Liesl & Po by Lauren Oliver; illustrated by Kei Acedera; HarperCollins, 320 pages ($16.99) Ages 8 to 12.
In her first novel for middle-grade readers, the author of acclaimed teen novels "Before I Fall" and "Delirium" weaves familiar fairy tale elements, magic, echoes of myth, brave orphans, a Dickensian backdrop and a ghost story into a wondrous story of grief and healing. (Oliver says that her inspiration came from a dream she had after the death of her best friend.) A horrid stepmother keeps Liesl locked in the attic, her only friend a ghost named Po who can move between this world and the Other Side. Will, an alchemist's young apprentice, mixes up a delivery, switching a box of magic with a box of something else. (There is a hint of Roald Dahl in Will's alchemy tasks, "grinding up cow eyes and measuring the blood of lizards into different-sized vials"). Liesl, who is in mourning for her father, decides she must bury his ashes near their old home in the country and the journey takes her into Will's path as well as an assortment of colorful characters including the villainous Lady Premiere and a big-hearted, simple-minded night watchman. Acedera's dramatic black and white illustrations add to the enchantment of Oliver's suspenseful tale, as she deftly brings it to a most satisfactory conclusion and a gray world regains its color.
-- Jean Westmoore
Mama Sees Stars by Deborah Sharp; Midnight Ink (327 pages, $14.95)
Deborah Sharp's entertaining fourth novel has Hollywood coming to Himmarshee, a fictional town in central Florida. And whatever story makes it to screen pales to the shenanigans that occur on the set.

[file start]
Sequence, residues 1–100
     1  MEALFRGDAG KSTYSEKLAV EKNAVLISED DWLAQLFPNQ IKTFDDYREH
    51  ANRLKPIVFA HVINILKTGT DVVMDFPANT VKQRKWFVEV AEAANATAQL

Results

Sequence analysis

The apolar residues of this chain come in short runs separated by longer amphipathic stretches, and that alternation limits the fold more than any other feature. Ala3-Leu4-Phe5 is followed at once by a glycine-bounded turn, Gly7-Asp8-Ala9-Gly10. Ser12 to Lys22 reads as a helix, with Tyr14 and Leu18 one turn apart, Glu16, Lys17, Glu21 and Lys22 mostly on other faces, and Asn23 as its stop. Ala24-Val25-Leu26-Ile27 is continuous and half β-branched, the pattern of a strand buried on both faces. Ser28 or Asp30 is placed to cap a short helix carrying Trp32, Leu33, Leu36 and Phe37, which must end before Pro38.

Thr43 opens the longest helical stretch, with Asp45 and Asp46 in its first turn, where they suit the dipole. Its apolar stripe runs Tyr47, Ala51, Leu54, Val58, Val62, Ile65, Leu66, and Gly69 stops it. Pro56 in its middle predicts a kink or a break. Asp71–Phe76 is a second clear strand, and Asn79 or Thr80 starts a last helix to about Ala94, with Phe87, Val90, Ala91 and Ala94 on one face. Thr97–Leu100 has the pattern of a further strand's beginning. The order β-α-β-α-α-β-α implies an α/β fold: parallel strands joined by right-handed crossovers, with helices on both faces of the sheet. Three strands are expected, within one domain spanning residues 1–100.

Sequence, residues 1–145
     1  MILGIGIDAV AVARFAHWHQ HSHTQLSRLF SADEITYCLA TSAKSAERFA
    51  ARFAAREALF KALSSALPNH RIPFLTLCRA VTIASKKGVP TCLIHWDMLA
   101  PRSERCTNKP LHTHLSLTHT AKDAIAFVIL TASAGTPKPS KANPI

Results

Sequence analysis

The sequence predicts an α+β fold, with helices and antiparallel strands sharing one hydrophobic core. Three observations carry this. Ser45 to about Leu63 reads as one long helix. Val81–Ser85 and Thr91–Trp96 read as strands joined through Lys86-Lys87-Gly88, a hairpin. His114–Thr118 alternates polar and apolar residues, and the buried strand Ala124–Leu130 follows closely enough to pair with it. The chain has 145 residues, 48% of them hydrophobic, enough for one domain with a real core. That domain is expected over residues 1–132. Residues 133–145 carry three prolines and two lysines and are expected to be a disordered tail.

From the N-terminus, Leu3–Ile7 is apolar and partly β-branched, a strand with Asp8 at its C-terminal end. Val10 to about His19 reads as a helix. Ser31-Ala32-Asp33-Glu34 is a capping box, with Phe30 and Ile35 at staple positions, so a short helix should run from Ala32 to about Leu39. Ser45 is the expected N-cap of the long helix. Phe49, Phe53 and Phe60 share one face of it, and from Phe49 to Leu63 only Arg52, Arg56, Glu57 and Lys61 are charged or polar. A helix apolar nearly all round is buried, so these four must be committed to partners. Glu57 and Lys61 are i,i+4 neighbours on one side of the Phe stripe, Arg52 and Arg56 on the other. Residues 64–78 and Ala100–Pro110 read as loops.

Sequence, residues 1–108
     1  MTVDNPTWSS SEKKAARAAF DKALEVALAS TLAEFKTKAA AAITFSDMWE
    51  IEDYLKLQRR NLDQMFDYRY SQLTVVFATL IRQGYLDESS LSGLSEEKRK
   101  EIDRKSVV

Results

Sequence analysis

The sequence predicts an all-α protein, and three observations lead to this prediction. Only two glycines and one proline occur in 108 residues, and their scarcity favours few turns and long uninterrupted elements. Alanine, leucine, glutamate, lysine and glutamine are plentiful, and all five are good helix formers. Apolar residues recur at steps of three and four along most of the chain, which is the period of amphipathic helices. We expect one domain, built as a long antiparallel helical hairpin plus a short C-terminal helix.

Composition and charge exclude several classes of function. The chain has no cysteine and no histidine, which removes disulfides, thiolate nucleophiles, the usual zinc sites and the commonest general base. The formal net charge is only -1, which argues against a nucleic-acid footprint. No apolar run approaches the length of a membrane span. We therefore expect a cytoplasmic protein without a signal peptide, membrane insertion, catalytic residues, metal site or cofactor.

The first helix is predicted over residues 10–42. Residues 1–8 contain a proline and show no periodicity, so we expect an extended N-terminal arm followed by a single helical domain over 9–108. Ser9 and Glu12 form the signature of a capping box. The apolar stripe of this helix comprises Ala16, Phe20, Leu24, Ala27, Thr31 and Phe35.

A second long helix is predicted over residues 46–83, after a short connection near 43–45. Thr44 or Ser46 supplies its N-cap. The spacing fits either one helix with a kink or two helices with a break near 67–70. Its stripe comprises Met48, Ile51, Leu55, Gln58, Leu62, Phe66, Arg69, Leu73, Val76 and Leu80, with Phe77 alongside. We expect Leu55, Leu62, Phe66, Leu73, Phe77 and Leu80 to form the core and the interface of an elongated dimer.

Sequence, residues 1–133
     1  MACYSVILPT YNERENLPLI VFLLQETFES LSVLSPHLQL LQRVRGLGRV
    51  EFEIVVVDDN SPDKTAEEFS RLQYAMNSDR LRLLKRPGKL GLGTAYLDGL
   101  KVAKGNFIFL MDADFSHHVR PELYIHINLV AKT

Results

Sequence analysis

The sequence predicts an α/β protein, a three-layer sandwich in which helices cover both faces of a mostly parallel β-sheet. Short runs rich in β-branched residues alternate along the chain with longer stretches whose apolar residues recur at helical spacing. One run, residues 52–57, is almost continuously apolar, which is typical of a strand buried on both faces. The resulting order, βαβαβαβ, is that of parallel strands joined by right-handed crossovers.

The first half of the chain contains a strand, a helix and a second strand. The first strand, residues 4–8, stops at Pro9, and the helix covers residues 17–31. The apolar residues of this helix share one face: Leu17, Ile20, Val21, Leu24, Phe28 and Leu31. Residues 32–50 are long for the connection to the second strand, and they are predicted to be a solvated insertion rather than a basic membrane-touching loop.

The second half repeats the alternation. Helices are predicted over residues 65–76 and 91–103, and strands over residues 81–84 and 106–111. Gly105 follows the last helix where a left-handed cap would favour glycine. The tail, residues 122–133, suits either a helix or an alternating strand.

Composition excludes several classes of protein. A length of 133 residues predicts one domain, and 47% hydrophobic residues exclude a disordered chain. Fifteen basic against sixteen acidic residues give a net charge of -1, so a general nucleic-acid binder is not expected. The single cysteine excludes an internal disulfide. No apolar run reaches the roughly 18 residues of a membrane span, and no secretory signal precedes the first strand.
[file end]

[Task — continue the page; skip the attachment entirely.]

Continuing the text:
Mace Bauer takes a break from her job at a nature park to be an animal wrangler for the filming of Florida author Patrick Smith's classic "A Land Remembered." Mace discovers the body of Norman Sydney, a nasty executive producer who delighted in denigrating everyone from the staff to the high-paid actors. Few mourn his passing, but Mace still is astounded at the vehemence that the man inspired. Police detective Carlos Martinez -- who's also Mace's on-again, off-again boyfriend -- heads the investigation, but Mace does a little sleuthing herself. A series of near-fatal accidents plague a set filled with scheming crew members and spoiled actors used to getting their way. Energetic plots and laugh-out-loud humor are staples of Sharp's series.
-- McClatchy Newspapers
Travels: Collected Writings, 1950-1993 by Paul Bowles; Ecco (512 pages, $16.99 paper)
Paul Bowles, author of "The Sheltering Sky," dearly loved his North African desert and his cannabis, as bits of "Travels: Collected Writings, 1950-1993" make clear.
But there's a lot more to Bowles. This new collection (with an introduction by Paul Theroux) reminds us that, in and out of Morocco, Bowles saw and heard a great deal and put it on paper, creating the same strong sense of place that won his fiction many admirers. These 41 pieces resonate with more empathy and humor than you might expect (Bowles on the perils of parrot ownership!) but also show the deadpan precision of a scientist pinning up dead butterflies.
His eyes and ears -- the ears of a musician and translator -- are dagger-sharp. Even the introspection, of which there isn't much, can sound chilling and clinical.
Besides the pieces about Morocco, we get accounts of Bowles' early digs in Paris, trips to Spain, and reminiscences about life on the island he briefly owned in Ceylon (now Sri Lanka). (Travelers take note: As recently as last year, that five-bedroom estate could be rented for $1,000 per night and up.)
-- Los Angeles Times